Abadi sacks Iraq's electricity minister after protests

Haider Al Abadi acts after weeks of protests against corruption and regular power cuts

FILE PHOTO: People protest over poor public services in the city of Najaf, Iraq, July 27, 2018. REUTERS/Alaa al-Marjani/File Photo

Iraqi Prime Minister Haider Al Abadi sacked his minister of electricity on Sunday after weeks of protests against corruption and regular power cuts.

Mr Al Abadi's office said the leader sacked Qassem Al Fahdawi — whose departure was demanded by protesters — "because of the deterioration in the electricity sector".

Iraq has been gripped by three weeks of protests during which demonstrators have railed against power shortages, unemployment, a lack of clean water and state mismanagement.

The demonstrations - during which 14 people were killed - first erupted in the oil-rich but neglected southern province of Basra, home to Iraq's only sea port, before spreading north including to Baghdad.

Power shortages are chronic in Iraq, a country devastated by a conflicts including the war against ISIS, who held a third of the country before Mr Al Abadi declared victory over them in December.

Chronic, hours-long electricity cuts are a source of deep discontent among Iraqis, especially during the scorching summer months when demand for air-conditioning surges as temperatures soar past 50°C.

Since the toppling of dictator Saddam Hussein in 2003, Iraq has allocated in state budgets a total of US$40 billion (Dh147bn) to rebuild its power network, according to official figures.

But much of that has been siphoned off by politicians and businessmen in a country listed by Transparency International as the world's 12th-most corrupt.

A government official told AFP on Sunday that Mr Al Abadi had also ordered investigations launched into fake contracts.

Since 2003, more than 5,000 so-called "phantom contracts" have been signed in the public sector, according to Iraq's parliament.

During the same period, $228bn dollars have gone up in smoke due to shell companies.


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The ministry of electricity has been a key one in previous governments.

At least two previous electricity ministers have been accused of corruption, including over fake contracts worth millions of dollars.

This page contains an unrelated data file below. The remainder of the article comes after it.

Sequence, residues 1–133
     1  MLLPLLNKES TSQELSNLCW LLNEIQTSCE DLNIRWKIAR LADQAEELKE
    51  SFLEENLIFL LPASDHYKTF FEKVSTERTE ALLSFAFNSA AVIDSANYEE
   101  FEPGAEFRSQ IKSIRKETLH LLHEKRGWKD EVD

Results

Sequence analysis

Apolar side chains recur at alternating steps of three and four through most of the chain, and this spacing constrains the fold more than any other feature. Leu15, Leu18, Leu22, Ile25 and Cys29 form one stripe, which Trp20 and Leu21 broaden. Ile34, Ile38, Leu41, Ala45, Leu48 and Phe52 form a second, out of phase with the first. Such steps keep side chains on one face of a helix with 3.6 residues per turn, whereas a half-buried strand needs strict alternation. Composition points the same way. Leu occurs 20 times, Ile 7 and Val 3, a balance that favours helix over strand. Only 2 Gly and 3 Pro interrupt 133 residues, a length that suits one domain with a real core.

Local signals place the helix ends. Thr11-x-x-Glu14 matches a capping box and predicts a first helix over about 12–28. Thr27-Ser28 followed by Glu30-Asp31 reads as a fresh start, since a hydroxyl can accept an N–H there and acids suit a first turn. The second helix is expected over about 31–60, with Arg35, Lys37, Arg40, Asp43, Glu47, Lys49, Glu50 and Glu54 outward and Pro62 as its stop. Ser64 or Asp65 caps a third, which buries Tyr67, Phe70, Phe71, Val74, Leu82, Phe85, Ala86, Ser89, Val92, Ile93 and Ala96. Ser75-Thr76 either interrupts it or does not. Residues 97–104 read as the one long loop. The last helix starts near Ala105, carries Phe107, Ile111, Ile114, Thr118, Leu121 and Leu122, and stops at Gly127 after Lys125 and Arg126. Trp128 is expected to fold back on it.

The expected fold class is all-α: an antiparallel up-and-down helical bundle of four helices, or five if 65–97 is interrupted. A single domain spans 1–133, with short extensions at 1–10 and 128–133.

In 2010, one of Mr Al Fahdawi's predecessors, Karim Wahid, resigned after a wave of protests across central and southern Iraq against severe power rationing.

These shortages have forced Iraqis to buy electricity from private entrepreneurs who run power generators that can be seen on most street corners.

Electricity consumption has increased in Iraq since the 2003 US-led invasion that removed Saddam, as Iraqis make more use of household electronic equipment, including computers and mobile phones.

Iraqi officials say that a drop in oil revenue has meant less money in state coffers to rebuild the country's infrastructure. They also criticise Iraqis, who they say are not paying their utility bills.

The sacking of the electricity minister came a day after the country's elections commission, run by judges appointed after widespread allegations of fraud and irregularities in the May 12 general election, endorsed Mr Al Abadi's recommendations to sack five election officials.

In a statement issued on Saturday, the spokesman for the Independent High Elections Commission, Judge Laith Jabr Hamza, said the five were forced out over charges of "irregularities, manipulation and financial corruption".

They are the directors of the commission's offices in the provinces of Salaheddin, Anbar and Kirkuk, as well as offices for the Iraqi diaspora in neighbouring Jordan and Turkey. Judge Hamza did not elaborate.

The initial election results gave a bloc organised by Shiite cleric Moqtada Al Sadr the largest share, with 54 seats in the 329-seat parliament. It was followed by an Iran-backed bloc — made up of Shiite militias — which won 47 seats, and Mr Al Abadi's alliance, with 42 seats.